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PHA Biopolymer Coating Makes Noodle Cup Compostable

CJ Biomaterials’ patented polyhydroxyalkanoate (PHA) replaces a polypropylene coating in microwavable food packaging for South Korea’s leading convenience-store chain.

Rick Lingle

January 31, 2024

3 Min Read
CJ Biomaterials/Canva

At a Glance

  • CJ Biomaterials' PHA technology creates compostable noodle cup coating in South Korea
  • The innovative eco-friendly cup reduces plastic waste, integrating PHA biopolymers
  • US adoption depends on policy support, waste management, and brand preferences

The lining or coating is a small percentage of a package's material footprint, but it can make all the difference when it comes to its sustainability.

CJ Biomaterials, Inc., a division of South Korea-based CJ CheilJedang and a primary producer of polyhydroxyalkanoate (PHA) biopolymers, revealed its patented PHA technology is used in the production of a new noodle cup sold at South Korea’s leading convenience store chain, CU.

The new, eco-friendly noodle cup is the first of its kind in the country. With CJ Biomaterials’ PHA technology integrated into the cups’ inner coating, the cups are now biodegradable and compostable, reducing the amount of plastic waste entering the environment.

The cup, which is used for two products, just had to put on a new biopolymer coating.

In 2023, CJ Biomaterials developed microwavable paper coating technology by combining its patented PHA with polylactic acid (PLA). The paper coating solution increases bio-based content while reducing its petroleum-based plastic without compromising the functionality and quality of the paper cup. Through CJ Biomaterials’ partnership with CU, the coating technology will be used on the convenience store’s popular New Today’s Chicken Noodle cup packaging.

CJ Biomaterials' PHA is marketed using the brand name PHACT, which stands for PHA + Action, demonstrating the company's commitment to sustainability.

CJ-Biomaterials-PHA-Noodle-Cup-Close-720.jpg

“Using PHA with PLA can enhance the processibility of PLA by providing flexibility and allowing more stable use across a wide range of temperatures,” says Max Senechal, executive VP  and COO at CJ Biomaterials. “It also exhibits good oil-barrier properties, surpassing conventional polypropylene coating while providing a 100% bio-based solution. Through this partnership with CU, we are not only contributing to the creation of eco-friendly packaging, but also demonstrating the practicality and affordability of sustainable alternatives. This marks a significant step toward reducing plastic waste and promoting a greener, more environmentally responsible future."

There’s more in the convenience chain’s future, according to Heidi Lebel, VP of strategic marketing at CJ Biomaterials. “CU is actively exploring new applications to apply this same technology but launch timing has not yet been defined.”

And, as she suggests, “this technology can expand well beyond noodle cups and ramen.”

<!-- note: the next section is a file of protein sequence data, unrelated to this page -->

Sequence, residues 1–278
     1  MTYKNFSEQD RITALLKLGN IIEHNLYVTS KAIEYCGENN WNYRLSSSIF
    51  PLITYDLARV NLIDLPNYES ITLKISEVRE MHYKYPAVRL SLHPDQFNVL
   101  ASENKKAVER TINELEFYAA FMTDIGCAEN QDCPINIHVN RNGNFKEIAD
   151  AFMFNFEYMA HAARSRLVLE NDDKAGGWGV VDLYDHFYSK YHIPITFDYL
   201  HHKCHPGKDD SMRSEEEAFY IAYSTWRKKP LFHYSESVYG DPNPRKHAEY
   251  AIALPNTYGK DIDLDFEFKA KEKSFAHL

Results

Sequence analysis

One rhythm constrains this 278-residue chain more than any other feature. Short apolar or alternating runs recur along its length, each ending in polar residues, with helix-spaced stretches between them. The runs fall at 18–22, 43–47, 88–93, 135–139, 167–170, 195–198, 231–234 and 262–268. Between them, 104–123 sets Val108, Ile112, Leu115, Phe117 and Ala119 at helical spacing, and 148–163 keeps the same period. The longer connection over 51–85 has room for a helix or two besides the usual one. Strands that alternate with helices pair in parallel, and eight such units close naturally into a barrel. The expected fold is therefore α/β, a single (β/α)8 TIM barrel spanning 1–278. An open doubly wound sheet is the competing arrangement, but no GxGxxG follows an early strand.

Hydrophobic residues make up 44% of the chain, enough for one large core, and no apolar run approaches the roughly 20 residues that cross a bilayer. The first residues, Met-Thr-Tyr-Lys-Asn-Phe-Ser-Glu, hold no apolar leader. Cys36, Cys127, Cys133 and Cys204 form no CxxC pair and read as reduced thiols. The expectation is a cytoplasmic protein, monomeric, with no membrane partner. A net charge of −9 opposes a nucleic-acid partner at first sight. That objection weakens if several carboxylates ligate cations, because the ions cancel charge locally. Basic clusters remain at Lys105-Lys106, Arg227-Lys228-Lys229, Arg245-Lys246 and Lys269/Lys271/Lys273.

US forecast for PHA-coated microwavable cups.

This kind of biopolymer-coated microwave cup can be used in the US.

“All ingredients used to make the CU noodle cup coating are food-contact approved in the US,” Lebel says.

The big question: but will it?

“The extrusion paper coating that uses PHA and PLA can be used with almost any microwavable package and offers great barrier resistance,” she responds. “For this reason, it’s difficult to predict the extent to which this will be adopted in the US and globally.”

However, Lebel points to three factors that will determine US adoption of this bio-based packaging:

1. US policy that supports compostable packaging;

2. Waste management infrastructure; and

3. Brand desire to message non-fossil fuel-based alternatives or compostable end-of-life solutions such as biopolymers that are certified compostable.

Derived from nature and produced sustainably, CJ Biomaterials’ PHA biopolymers can be used as building blocks to replace and improve the functional characteristics of a broad range of polymers in the production of finished goods or as starting points for sustainable chemistry. PHAs work well as modifiers to other polymers or biopolymers to increase bio-based content, accelerate biodegradation, and improve the functional properties of resins and finished products. CJ Biomaterials is one of only a handful of companies capable of mass-producing PHA.

CJ Biomaterials continues to expand on the applications of its PHA technology, developing solutions for food and beverage packaging; foodservice ware; fibers and nonwovens; consumer goods; agriculture and horticulture; and 3D printing filament.

Over the past year, the company worked together with Riman Incellderm to create environmentally friendly cosmetic packaging, and collaborated with various companies, including CJ Olive Young, Dongil Platech, Yuhan-Kimberly, Banila Co., and biopolymer manufacturer NatureWorks to broaden the use of PHA in multiple markets and applications. The company also won the German 2023 Red Dot Design Award for the PHA Head-Up Toothbrush, developed in partnership with eco-friendly design specialist, Revelop.  

About the Author(s)

Rick Lingle

Senior Technical Editor, Packaging Digest and PlasticsToday

Rick Lingle is Senior Technical Editor, Packaging Digest and PlasticsToday. He’s been a packaging media journalist since 1985 specializing in food, beverage and plastic markets. He has a chemistry degree from Clarke College and has worked in food industry R&D for Standard Brands/Nabisco and the R.T. French Co. Reach him at [email protected] or 630-481-1426.

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